Lyon County Health Officials Discuss High COVID Positivity Rate

Northwest Iowa — According to the latest statistics from the Iowa Department of Public Health, the top two counties in the state — where the results of the most COVID-19 tests are coming back positive — are Lyon and Sioux counties.

The 14-day average positivity rate for Lyon County is 20.9 percent. That means that out of all the tests that have been ordered in Lyon County in the last 14 days, 20.9 percent of them have come back positive for COVID-19. Sioux County isn’t far behind, at 20.5 percent. And the next county south — Plymouth County — is third in the state at 19.1 percent.

According to past statistics from the IDPH, Lyon County hasn’t really seen a large increase in the number of cases. In the last 14 days, they have had about 35 new cases, which works out to an average of 2.5 new cases per day. But those 35 positive results come from only 167 tests.

The director of the Lyon County Health Department — Health Services of Lyon County, Melissa Stillson, says you have to remember what the numbers mean. And this particular metric does not show how widespread the virus is in a community. She says Lyon County has not had an outbreak of any specific kind.

She told us that she believes that people are just beginning to understand more what those symptoms are and they are following public health measures and contacting their physician and that warrants the physician to provide them with the test so they can identify who is positive. But she says at this time, they don’t have anything that is an identifying marker to any specific cause for the higher percentage.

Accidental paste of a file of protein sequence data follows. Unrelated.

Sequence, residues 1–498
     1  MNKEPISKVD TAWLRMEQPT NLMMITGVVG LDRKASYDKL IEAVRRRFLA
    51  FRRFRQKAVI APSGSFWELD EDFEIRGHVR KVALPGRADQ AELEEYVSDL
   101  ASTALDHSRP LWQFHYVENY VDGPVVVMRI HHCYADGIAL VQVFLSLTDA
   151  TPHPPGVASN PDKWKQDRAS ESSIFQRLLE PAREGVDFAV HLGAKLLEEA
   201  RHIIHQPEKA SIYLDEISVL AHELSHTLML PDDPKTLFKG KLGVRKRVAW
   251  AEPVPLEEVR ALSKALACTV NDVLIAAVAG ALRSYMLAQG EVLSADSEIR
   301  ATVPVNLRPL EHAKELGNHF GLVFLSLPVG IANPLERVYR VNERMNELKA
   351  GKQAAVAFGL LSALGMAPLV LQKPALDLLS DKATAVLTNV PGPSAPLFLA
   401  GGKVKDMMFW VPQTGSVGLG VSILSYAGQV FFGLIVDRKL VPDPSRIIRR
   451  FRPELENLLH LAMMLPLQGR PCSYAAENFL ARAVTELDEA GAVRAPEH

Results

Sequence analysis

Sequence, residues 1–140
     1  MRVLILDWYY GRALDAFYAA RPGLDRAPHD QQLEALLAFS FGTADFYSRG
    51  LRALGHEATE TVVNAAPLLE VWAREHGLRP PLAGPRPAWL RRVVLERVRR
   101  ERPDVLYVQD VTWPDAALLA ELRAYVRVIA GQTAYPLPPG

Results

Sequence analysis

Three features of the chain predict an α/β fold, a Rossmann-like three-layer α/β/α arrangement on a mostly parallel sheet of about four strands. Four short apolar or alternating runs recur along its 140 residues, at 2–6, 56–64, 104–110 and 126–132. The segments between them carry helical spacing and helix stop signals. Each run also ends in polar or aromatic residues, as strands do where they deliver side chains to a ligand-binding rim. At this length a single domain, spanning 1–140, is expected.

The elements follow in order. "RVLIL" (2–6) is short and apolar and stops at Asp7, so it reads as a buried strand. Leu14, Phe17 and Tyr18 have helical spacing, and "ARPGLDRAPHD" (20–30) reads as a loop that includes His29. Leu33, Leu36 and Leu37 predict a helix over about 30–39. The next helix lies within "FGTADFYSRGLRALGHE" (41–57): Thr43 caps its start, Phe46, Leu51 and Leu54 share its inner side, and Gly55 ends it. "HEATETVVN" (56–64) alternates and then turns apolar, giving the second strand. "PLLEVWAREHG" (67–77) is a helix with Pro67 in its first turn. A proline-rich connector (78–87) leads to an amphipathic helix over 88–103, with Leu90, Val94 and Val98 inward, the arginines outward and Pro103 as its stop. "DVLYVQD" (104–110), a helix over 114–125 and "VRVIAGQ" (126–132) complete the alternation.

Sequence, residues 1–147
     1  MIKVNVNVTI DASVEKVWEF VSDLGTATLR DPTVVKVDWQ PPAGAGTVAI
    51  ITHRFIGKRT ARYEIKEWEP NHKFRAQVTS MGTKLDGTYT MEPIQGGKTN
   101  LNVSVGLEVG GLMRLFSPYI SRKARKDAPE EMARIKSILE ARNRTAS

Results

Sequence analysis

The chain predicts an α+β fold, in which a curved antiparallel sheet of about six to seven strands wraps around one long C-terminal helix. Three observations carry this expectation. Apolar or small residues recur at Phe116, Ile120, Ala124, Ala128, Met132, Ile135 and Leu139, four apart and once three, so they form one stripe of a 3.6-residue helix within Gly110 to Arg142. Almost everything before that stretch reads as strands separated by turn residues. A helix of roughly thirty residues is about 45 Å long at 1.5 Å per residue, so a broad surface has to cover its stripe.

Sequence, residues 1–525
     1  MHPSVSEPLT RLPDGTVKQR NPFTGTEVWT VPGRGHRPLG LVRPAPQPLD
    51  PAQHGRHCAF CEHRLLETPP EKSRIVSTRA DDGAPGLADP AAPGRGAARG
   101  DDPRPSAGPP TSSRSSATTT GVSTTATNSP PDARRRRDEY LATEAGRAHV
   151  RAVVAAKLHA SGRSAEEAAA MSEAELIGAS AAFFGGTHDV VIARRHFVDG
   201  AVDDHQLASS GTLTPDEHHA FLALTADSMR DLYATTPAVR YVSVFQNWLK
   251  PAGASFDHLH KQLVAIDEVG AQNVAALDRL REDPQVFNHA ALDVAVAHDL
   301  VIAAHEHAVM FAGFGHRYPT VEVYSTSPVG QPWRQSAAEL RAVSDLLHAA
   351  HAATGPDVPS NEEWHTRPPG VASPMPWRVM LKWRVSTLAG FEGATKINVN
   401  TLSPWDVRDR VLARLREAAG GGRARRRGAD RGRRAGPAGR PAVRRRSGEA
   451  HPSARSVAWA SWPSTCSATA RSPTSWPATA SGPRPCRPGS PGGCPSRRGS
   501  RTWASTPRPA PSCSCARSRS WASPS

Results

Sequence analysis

She says too, that the rate is not a daily rate.

(As said:) “So that’s not what our percentage rate is for the day. It’s looking at the last two weeks worth of positive testing data that has come out.”

Stillson says the 14-day average includes the last few days of August, in which there was a small peak in cases. She tells us that they haven’t changed the public health message in regard to COVID, but it wouldn’t hurt to be a little more diligent in washing hands, social distancing, and wearing masks.

According to Stillson, the best advice is if you’re sick, stay home. That’s one of the key things people can do, she says.

(as said:) “If you’re feeling like you’re having a pretty healthy day and you wake up in the morning and you have this cough that came out of nowhere, we would prefer you would stay home for at least 24 hours and see if it goes away or if it worsens, rather than thinking that it might just be a fluke thing, so I’ll just go to work and see if something else happens. Because it can you know… it’s a cough and yes, it can resemble allergies or a cold-season-type illness. But we know that it’s also very much one of those prominent things that are part of COVID-19.”

She tells us they work closely with the schools and the state departments of education and health to make sure that it is okay to keep kids in school. And at this point, she’s not seeing numbers that would indicate that it’s time to switch to online learning.

Since we have seen some entities clamping down on COVID restrictions, we asked her if her office was suggesting those things. She told us they are not, but she thinks people are just starting to become more aware of it.